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Selling Your Farm-Fresh Eggs

Small and backyard flock owners may find it worthwhile to sell surplus eggs directly to consumers, restaurants, specialty food stores and/or retailers. Whether your eggs are organic, free range, cruelty free, colored or simply ‘local’, demand is growing for niche market eggs.

Flock owners can distribute their eggs in two ways;

  1. Selling wholesale to retailers
  2. Selling retail, direct to consumers

Deciding what’s right you;

  • Fact: Direct to consumer is best for those with smaller flocks
  • Pro: Direct to consumer offers greater opportunity for maximum market price
  • Con: Direct to consumer means one-to-one distribution
  • Fact: Wholesale demands greater volume of eggs on a regular basis
  • Pro: Wholesale means lower price per unit but higher volume of sales
  • Con: Wholesale may require more paper-work and legal agreements

While backyard chicken operations do not need to be certified or eggs pasturized, there area a few things to keep in mind before you hang your shingle:

  • The first step should be to contact your local agricultural board for quality assurance guidelines.
  • Start with new egg cartons and do not to reuse them unless they are your own, others can transmit disease.
  • Collect fresh eggs daily to keep your hens from going broody or trying to hatch the eggs. 
  • Get your Eggzy Flock Tools and set up your Egg Stand to message your friends when egg are available! ‘-)
5 Comments Post a comment
  1. fred #

    I would love to have a back yard hen house and sell eggs. where do you start? What would be the minimum number of hens you would need to have say a couple of dozen eggs a week?

    June 5, 2012
    • gaile #

      start at chicks, then raise them. build a closed pen with a chicken wire top and wood shavings on bottom keep them very warm when its cool, and clean it alot because they will stink. i recommend an easy to get to shed. Give them fresh food and tons of water everyday! when they become too large for your pen I raised 50 chicks through 4-H, we curretly have 25 something because of a dry, hot summer in AR. Its now winter and the 30 alone are laying 36 eggs daily. Winter is the time when youll get less eggs because of the cold. Hens lay less than or equal to 2 eggs daily. for adult hens, use a 50/50 blend of laying pellets and corn chops for feed. and your set. need anymore questions, i would recommended talking to your local co-op/farm store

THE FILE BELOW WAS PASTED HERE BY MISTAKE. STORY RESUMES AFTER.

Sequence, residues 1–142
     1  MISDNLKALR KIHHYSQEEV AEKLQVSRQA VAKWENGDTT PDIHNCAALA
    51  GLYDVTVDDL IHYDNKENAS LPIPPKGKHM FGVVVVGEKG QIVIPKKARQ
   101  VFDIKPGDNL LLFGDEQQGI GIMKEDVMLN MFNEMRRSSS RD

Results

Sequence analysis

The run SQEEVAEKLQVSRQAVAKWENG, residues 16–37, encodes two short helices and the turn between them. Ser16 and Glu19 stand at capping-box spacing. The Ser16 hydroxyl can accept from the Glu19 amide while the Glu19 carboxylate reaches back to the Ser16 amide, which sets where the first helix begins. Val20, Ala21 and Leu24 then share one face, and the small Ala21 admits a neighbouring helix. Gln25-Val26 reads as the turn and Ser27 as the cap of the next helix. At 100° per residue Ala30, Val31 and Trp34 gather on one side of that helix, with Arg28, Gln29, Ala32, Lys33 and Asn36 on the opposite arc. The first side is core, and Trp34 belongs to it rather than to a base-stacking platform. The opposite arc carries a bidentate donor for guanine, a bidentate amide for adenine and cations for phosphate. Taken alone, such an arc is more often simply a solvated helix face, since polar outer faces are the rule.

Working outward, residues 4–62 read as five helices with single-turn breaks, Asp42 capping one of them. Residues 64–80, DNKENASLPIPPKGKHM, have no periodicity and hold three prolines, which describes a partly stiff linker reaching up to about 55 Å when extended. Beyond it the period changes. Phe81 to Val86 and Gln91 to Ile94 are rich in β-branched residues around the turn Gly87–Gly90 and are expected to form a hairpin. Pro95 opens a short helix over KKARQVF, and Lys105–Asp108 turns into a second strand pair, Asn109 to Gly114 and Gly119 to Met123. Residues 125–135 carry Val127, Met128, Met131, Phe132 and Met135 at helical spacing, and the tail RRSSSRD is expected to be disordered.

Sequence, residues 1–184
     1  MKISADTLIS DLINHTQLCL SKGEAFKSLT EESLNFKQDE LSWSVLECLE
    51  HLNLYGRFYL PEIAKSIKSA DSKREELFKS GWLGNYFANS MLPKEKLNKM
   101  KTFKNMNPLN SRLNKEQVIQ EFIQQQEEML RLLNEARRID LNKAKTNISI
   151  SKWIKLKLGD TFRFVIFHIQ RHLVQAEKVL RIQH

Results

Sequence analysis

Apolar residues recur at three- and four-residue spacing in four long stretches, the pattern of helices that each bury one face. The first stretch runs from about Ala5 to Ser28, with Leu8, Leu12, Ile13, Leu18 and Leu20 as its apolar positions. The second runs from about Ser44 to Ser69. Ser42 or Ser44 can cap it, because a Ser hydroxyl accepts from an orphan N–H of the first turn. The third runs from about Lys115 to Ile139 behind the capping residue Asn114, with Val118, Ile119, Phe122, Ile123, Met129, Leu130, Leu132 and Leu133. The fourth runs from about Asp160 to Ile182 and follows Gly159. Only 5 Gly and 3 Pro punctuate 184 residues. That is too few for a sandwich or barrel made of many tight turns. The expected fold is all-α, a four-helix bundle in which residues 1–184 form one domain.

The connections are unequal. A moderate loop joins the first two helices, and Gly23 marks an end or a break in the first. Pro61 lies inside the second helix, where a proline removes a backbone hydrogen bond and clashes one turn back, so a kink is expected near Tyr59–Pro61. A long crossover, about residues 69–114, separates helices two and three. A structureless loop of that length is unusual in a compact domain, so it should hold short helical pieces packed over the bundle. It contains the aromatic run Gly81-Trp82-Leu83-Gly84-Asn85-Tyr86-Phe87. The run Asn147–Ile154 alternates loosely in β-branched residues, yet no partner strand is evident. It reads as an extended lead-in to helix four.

November 27, 2012
      • gaile #

        *when they get too large for your pen, place them in a large coop, with wooden roosting poles, and laying boxes, a way to get the water to them, and make an area thats closed in to let them run from about 3:30-7:00 everyday, then close them up n the coop for protection/warmth at night. for winter, for the chick pen and coop, you will need heat lamps at all times. for winter you might want to put straw in the boxes and on the whole closed in running area and on the ground inside the coop for extra warth to lay.

        November 27, 2012
      • Tabby #

        It is impossible for a chicken to lay more than one egg in a 24 hour period. Your very best layers, Rhode Island Reds, or White Leghorns lay about 6 a week in great weather conditions.

        March 8, 2014
  2. mayapan #

    Hello! Great to hear that you’re thinking of getting a flock of your own! Here’s a post that discusses the things to keep in mind of you want to start a flock of your own, good luck and keep us posted as to your progress: http://blog.eggzy.net/2012/03/20/thinking-of-starting-a-flock-of-your-own/

    June 5, 2012

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